- Diseases, Disorders & Conditions
Elbow Pain Relief
Elbow Pain Relief
If you are seeking any type of elbow pain relief, it is important to obtain as much information as possible as to the different causes of and treatments for this aggravating condition. Commonly known as “tennis elbow”, any type of pain in the forearm or elbow area actually qualifies to be labeled “elbow pain”, primarily due to the fact that the pain in this area can be deferred from the elbow all the way to the extremities (i.e., the fingers). The phrase “tennis elbow” is somewhat of a misnomer; because you don’t have to be a tennis player to get tennis elbow; you just need to engage in any type of repetitive movement that can cause strain on the ligaments surrounding the elbow. The pain you feel is actually ligament pain, and it can affect more than may be readily apparent for such an injury. A lot of times, we don’t realize how much our bodies truly do operate as a system…in the case of elbow pain, the discomfort may be felt due to movements of the wrist and forearm, because they are all interconnected. That pain that you may feel from the strain on the ligaments surrounding your elbow can eventually be felt in the wrist, forearm, hand, and even fingers as a tingling sensation or sometimes an acute shooting pain. Some of the most common sufferers of elbow pain include people who play any type of racquet sports (i.e., tennis, squash, badminton, etc.), as well as people who have jobs that require repetitive elbow movements, such as turning a screwdriver or a ratchet. Lacrosse and baseball (especially pitching) are other sports where elbow pain can frequently occur. Drummers can also suffer from elbow pain sometimes due to incorrect form. Of course, one of the more obvious sources of elbow pain is hyperextension, which means you basically have bent your elbow the “wrong way”, so to speak, possibly as part of a sports-related injury of some kind, or just a normal accident from doing housework, for example. Some other fairly common sources of elbow pain include arthritis, which is an inflammation of the joint areas, and tendonitis, which is an abnormal stressing or stretching of the tendons. The bottom line is, no matter what the specific cause, elbow pain is extremely uncomfortable, and certain arm movements that should seem harmless in and of themselves can become debilitating due to elbow pain.
Elbow Pain Relief: Some Possible Options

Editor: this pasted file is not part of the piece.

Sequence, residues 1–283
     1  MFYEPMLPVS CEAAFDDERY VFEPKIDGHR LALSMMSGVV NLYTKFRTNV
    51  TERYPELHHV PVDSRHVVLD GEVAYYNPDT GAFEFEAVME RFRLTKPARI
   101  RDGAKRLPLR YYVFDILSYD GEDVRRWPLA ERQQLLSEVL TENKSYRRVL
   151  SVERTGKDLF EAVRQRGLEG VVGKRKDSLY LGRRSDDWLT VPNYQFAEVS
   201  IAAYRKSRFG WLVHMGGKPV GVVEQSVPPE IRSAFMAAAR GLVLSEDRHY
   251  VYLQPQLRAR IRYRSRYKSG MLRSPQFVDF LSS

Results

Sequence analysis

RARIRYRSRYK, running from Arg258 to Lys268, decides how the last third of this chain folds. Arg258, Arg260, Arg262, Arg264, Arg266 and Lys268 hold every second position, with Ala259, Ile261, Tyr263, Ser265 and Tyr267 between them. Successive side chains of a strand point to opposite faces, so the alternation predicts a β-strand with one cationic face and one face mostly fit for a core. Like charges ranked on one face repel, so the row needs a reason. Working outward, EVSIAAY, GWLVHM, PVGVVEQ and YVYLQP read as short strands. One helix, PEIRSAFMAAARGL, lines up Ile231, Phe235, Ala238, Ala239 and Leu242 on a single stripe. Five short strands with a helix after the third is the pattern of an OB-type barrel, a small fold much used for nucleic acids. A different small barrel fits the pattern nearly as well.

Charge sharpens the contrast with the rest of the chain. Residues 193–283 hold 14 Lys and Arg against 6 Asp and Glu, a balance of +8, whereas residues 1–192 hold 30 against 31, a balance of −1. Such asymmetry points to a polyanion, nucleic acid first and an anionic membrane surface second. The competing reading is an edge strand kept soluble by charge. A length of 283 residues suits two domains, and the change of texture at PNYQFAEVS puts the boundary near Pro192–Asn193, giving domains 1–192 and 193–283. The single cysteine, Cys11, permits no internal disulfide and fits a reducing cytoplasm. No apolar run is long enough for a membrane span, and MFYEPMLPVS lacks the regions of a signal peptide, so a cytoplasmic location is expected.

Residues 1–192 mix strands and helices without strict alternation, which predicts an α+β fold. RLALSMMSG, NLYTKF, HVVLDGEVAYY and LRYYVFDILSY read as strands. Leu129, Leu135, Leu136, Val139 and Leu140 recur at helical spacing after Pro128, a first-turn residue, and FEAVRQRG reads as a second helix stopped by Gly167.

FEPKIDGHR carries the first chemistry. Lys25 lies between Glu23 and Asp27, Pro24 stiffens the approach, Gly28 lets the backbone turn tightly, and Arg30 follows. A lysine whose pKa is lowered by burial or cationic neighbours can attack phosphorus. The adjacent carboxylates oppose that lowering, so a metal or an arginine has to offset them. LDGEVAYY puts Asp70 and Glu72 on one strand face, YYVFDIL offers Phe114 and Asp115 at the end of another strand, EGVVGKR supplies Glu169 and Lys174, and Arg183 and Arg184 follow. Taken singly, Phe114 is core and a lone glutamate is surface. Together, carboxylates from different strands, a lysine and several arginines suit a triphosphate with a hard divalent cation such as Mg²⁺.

So what are some of the treatments or remedies that can be performed to bring some kind of elbow pain relief? The most common form of rather immediate relief is to apply ice to the affected area. Locate the source of the pain, or the area of the elbow that is the most sensitive to pain, and apply an ice pack to that area at least 5 or 6 times a day, anywhere from 10 to 20 minutes per application. This will be one of the more common ways to reduce swelling and keep inflammation from becoming more prominent. Make sure to wrap the ice in some type of towel or thin cloth; it’s never a good thing to apply ice directly to the skin—it will get uncomfortable real fast. Apply this same ice treatment for at least 3 or 4 days in a row, and if you don’t see (or feel) any improvements, it may be time to take more sophisticated measures. Depending upon the degree of pain that you feel, you may want to take some type of medicine to help ease the discomfort, such as ibuprofen or acetaminophen. These medicines will not “cure” the elbow, but will do a decent job of numbing the pain so that it can make the situation more tolerable. Elbow braces are another option to investigate, as they can provide the needed support for the elbow that it may be lacking during the time of recovery. It is very important to use the elbow as little as possible during this time—meaning, no activities that require any type of intense use of the elbow—so that you can allow the healing process to take place. Sometimes the only thing you can really do is to just wait it out and let time do the healing. But for some decent relief in the interim, it is a good idea to have either a supportive elbow brace of some kind (with neoprene and Velcro straps), or wrap your elbow in an ACE bandage. During the recovery time, once you feel a decent level of comfort in performing elbow-related movements, it is a good idea to do some gentle arm exercises such as lightly pushing against a wall to test how much stress your elbow can withstand. Again, don’t rush into these types of exercises, but it is an important part of the rehabilitation process. Frequent stretching is also another way to rehabilitate your elbow back into its usual working order. It may be a good idea to consult a physician if you feel the pain is more severe and are looking for some more immediate elbow pain relief. To sum it all up, be sure to investigate every available option to help you get back into the swing of things.